Ah, bless! Such innocence. I didn’t argue as I am no longer young enough to know everything.

I’m feeling more than usually enervated today. Weak, feeble, listless, it’s the weather, isn’t it? Overcast, dull, damp, it’s such a change from that brief sunny interlude when I was running around like a spring lamb. Marigold scoffed at this description at the time, but has no problem in ignoring my ‘woe is me’ protestations on the very rare occasions I fail to leap out of bed announcing a flurry of tasks I intend to complete with the next hour or two.

I eventually made a start on clearing out what I call the Folderol Drawer. We’ve always had one wherever we lived and this one is both wide, deep and capacious. Or it was until we started chucking things into it. It’s full to the brim with ‘stuff’ we don’t need, don’t want, may never need. The perfect easy start to the day. No heavy lifting involved.

I abandoned the task after a brief rummage uncovered a long lost favourite pen I’d long since given up for lost. Best not be too rash, the rest of this clutter may yet ‘come in handy.’ This isn’t a generational descent into hoarding – only one drawer after all – but an example of future recycling, even though I’m pretty sure none of these items serves any useful purpose.

Maybe in a year or two, who knows? Best not take any risks with potential future treasures. The favourite pen, with which I wrote out early drafts of books while still in my computer denial phrase, doesn’t work. Ah well. I’ll just keep it for sentimental reasons. I popped it back in the drawer.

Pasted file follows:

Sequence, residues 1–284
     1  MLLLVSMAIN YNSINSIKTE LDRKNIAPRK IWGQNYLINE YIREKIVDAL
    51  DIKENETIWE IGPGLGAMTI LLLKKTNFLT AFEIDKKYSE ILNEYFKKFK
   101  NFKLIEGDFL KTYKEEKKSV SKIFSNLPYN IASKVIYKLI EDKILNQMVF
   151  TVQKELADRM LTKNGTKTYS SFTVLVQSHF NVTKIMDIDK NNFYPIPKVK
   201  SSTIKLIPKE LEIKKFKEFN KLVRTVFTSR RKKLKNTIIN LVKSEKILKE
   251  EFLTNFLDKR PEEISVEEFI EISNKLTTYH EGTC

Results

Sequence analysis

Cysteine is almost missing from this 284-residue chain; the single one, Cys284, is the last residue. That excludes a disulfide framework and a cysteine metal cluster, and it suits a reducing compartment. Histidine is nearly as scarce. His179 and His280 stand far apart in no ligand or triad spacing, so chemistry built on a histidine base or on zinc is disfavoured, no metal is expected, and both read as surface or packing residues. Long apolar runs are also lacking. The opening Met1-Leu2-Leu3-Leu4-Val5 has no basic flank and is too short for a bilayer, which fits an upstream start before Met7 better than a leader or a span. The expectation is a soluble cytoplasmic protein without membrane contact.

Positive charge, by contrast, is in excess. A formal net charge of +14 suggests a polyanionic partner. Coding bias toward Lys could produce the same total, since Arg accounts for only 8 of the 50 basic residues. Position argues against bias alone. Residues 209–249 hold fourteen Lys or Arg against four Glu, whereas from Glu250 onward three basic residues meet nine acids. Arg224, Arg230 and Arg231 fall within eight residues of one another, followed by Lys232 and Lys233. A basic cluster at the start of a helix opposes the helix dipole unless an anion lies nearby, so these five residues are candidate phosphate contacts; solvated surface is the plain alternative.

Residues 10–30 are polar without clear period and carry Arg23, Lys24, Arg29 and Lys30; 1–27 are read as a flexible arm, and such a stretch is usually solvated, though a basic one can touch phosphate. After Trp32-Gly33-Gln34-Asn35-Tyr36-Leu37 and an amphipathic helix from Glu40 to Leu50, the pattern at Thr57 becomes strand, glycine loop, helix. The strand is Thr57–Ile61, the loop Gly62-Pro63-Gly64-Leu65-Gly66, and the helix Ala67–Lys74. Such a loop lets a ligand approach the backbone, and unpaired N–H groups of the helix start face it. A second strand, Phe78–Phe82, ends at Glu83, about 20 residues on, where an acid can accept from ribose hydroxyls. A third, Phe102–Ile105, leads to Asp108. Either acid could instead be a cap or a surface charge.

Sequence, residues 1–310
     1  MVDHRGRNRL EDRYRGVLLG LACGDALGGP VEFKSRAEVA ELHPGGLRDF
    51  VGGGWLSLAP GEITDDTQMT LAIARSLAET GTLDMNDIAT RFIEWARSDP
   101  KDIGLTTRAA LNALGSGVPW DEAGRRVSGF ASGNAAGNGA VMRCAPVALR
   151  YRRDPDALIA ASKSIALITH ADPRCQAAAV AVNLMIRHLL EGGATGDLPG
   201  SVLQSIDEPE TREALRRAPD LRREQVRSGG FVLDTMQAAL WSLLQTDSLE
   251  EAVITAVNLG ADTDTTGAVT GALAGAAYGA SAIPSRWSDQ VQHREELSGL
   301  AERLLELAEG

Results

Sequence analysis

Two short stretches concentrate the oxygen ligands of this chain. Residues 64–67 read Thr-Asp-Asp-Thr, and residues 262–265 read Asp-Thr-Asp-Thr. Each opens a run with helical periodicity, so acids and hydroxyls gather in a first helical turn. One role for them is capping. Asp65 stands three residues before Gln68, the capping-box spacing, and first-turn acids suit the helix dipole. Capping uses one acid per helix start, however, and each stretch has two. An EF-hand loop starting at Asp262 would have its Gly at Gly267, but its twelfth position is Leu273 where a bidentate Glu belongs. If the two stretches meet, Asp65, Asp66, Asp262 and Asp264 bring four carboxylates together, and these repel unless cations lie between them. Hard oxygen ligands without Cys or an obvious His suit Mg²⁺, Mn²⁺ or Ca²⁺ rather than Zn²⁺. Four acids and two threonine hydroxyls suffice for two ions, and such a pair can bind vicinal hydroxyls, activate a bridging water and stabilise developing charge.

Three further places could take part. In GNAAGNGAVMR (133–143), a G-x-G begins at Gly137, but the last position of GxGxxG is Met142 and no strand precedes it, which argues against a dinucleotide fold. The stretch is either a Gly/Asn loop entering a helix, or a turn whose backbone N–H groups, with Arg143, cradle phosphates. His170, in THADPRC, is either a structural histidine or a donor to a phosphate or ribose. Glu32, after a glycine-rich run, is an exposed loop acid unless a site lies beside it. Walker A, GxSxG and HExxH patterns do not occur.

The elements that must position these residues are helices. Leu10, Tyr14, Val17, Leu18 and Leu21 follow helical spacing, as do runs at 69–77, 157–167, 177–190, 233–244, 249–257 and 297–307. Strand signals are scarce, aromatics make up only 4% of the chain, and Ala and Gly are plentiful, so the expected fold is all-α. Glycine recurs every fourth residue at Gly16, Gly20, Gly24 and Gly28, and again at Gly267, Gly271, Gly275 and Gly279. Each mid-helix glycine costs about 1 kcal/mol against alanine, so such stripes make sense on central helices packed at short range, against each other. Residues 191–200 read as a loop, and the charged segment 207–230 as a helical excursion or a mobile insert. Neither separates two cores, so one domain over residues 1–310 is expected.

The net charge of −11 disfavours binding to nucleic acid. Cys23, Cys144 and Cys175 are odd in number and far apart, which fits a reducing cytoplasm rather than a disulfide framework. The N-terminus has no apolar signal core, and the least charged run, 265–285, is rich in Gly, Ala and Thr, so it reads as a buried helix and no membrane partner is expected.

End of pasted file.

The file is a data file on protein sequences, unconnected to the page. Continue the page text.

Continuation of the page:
I’ve done an extensive inventory of our pandemic hoarding stocks. It’s not impressive. As Marigold says, ‘beans and peas are essential items.’ As for variety, well there’s peas, beans and er, not much else.’

I busied myself for arranging them in use by date order. Life’s pretty full on these days; one treat after another. A couple of hours flew by, as they do in lockdown, (ha!) and I was looking out of my window at the wind and the rain as Marigold said, brightly, ‘Almost at the end of July already and we hardly been outside since the middle of March. We’re not missing much today.’

No, we’re not. It makes us appreciate those who are out in all weathers because it’s their job. The bin men for a start. They came even earlier today, banging and clattering. The continuation of their early morning calls is a boon even now most of the rest of us are either restricted to four walls or on furlough, the extra holiday with pay treat that keeps on giving.
Bin men help us all, gently reminding us another day has dawned, or is about to dawn, and giving us the opportunity to throw off the covers and embrace life again. Our post lady isn’t a ray of sunshine even on a nice day so she’ll be even grumpier today.

We don’t get much post lately, unless it’s from Matt Hancock who has become a pretty regular correspondent. I’m touched that a Minister of State finds time to write to me even in the midst of a National Emergency. (I thought a national emergency rated capitalisation)

One of the people we know – I won’t say ‘friends’ as that’s a very exclusive club – emailed us recently to say she’s ‘invested’ in a luxury kitchen and has ‘got the builders in.’

How lovely for her.

What’s a luxury kitchen and how will it differ from the (immaculate and fully kitted out) kitchen that was already in the house when they moved in six months ago? Nobody calls those labour saving appliances that so bewitched previous generations: washing machines, dishwashers and the like, luxury items any more and while everyone, including us, still calls it a Hoover we love our cordless Dyson.